When the law is wrong, we cannot accept the law as it is; we must reform it. That’s why LSC’s CORI Sealing Initiative (CSI) joined forces with other advocates, including the CORI & Re-entry Project at Greater Boston Legal Services, to advocate with legislators that expungement laws be broadened to include people like Belle. Julie McCormack, Director of LSC’s Safety Net Project and founder of the CSI, spearheaded the effort; talking to local representatives and highlighting Belle’s story as an example of the real-life impact of the unjust law. A provision allowing for multiple charges from the same incident to be treated as a single offense (thereby making them eligible for expungement) was included in a bill before the Massachusetts legislature late last year. The law—An Act Relative Justice, Equity and Accountability in Law Enforcement in the Commonwealth—included updates to the criminal justice reform bill passed in 2018, and significant reforms for police training, use of force, and accountability. After a cascade of calls and emails from advocates, the bill passed with overwhelming support from the legislature, and was signed into law by Governor Baker on December 31, 2020.

With assistance from Marcus Miller, a second-year student at LSC, in January Belle filed for expungement of her record—one of the first, if not the first, petitions under the expanded rule. Due to pandemic-related delays at the Department of Probation, her expungement has not yet been processed, but Belle is hopeful it will be in the near future, and that she will soon be able to return to the work she loves.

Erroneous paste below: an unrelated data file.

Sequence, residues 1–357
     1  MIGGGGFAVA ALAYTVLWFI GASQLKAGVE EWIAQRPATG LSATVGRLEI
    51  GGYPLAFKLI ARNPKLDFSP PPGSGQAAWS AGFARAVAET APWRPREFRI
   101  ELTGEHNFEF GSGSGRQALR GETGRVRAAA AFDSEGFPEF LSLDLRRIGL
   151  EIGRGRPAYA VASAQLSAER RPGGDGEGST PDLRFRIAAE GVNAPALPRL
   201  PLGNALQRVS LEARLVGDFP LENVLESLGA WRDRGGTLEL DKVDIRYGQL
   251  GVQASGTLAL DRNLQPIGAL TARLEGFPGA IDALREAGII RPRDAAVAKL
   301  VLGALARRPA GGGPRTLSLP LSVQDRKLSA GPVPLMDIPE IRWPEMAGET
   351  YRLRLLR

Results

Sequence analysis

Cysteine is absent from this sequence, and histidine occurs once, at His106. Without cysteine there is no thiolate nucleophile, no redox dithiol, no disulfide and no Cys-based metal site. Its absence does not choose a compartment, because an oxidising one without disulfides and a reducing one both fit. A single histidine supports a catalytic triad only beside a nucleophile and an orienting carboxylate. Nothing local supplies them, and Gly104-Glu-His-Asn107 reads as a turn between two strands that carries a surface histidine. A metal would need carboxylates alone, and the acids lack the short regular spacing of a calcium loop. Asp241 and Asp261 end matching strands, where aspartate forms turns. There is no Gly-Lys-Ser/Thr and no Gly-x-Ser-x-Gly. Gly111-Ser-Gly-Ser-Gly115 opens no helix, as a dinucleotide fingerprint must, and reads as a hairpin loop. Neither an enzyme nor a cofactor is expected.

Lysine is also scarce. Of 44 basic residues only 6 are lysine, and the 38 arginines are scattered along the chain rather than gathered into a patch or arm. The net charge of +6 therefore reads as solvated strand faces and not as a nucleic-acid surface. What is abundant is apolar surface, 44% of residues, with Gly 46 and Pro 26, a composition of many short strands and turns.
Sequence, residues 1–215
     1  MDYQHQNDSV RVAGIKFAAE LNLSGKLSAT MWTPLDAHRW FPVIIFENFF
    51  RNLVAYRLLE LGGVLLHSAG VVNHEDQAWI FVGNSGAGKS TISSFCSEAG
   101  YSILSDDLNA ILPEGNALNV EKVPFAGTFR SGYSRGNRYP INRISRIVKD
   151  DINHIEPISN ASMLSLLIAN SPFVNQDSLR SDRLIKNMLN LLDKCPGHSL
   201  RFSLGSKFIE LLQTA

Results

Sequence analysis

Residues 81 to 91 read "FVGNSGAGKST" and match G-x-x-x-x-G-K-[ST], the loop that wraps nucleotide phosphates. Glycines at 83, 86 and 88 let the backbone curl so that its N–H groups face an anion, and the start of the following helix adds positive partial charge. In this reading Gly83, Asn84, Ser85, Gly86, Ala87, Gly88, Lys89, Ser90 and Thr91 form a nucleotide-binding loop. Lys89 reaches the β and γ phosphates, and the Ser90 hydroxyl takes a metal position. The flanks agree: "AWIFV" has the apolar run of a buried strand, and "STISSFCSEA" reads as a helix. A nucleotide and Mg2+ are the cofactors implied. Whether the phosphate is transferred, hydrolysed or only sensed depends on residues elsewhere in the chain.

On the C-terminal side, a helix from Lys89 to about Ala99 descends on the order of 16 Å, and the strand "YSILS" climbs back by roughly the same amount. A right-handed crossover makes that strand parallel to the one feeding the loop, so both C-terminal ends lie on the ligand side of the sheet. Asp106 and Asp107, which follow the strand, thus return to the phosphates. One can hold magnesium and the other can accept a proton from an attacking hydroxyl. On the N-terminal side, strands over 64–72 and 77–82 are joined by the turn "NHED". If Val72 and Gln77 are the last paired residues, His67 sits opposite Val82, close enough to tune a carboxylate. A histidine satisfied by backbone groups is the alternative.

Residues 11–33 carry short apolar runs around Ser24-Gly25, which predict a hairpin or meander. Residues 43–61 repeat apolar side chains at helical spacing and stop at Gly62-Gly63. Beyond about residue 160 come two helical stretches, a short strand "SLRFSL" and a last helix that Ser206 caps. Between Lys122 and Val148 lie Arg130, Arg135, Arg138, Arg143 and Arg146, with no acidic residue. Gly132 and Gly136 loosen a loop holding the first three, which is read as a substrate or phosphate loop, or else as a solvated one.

Studies and the lived experiences of our clients show that low-income and minority communities are disproportionately over-charged and over-prosecuted in encounters with law enforcement. Even dismissed, these charges remain as an “eternal criminal record,”[1] contributing to and exacerbating discrimination and economic adversity (called “The New Civil Death” by Gabriel J. Chin[2])  just as has happened to Belle. Everyone deserves dignity and the opportunity to reach their maximum potential. This is why LSC started the CSI, and will continue to work to ensure low-income folks throughout the greater-Boston area have access to representation in a wide variety of critical matters essential to that dignity, including but not limited to family, housing, veterans affairs, consumer and tax issues, and safety net public benefits.

* Name has been changed to protect client privacy.

[1] James B. Jacobs. The Eternal Criminal Record, Harvard University Press 2015.

[2] Gabriel Chin. The New Civil Death: Rethinking Punishment in the Era of Mass Conviction, 160 U. PA. L. REV. 1789, 1807–1814 (2012)

Scroll to Top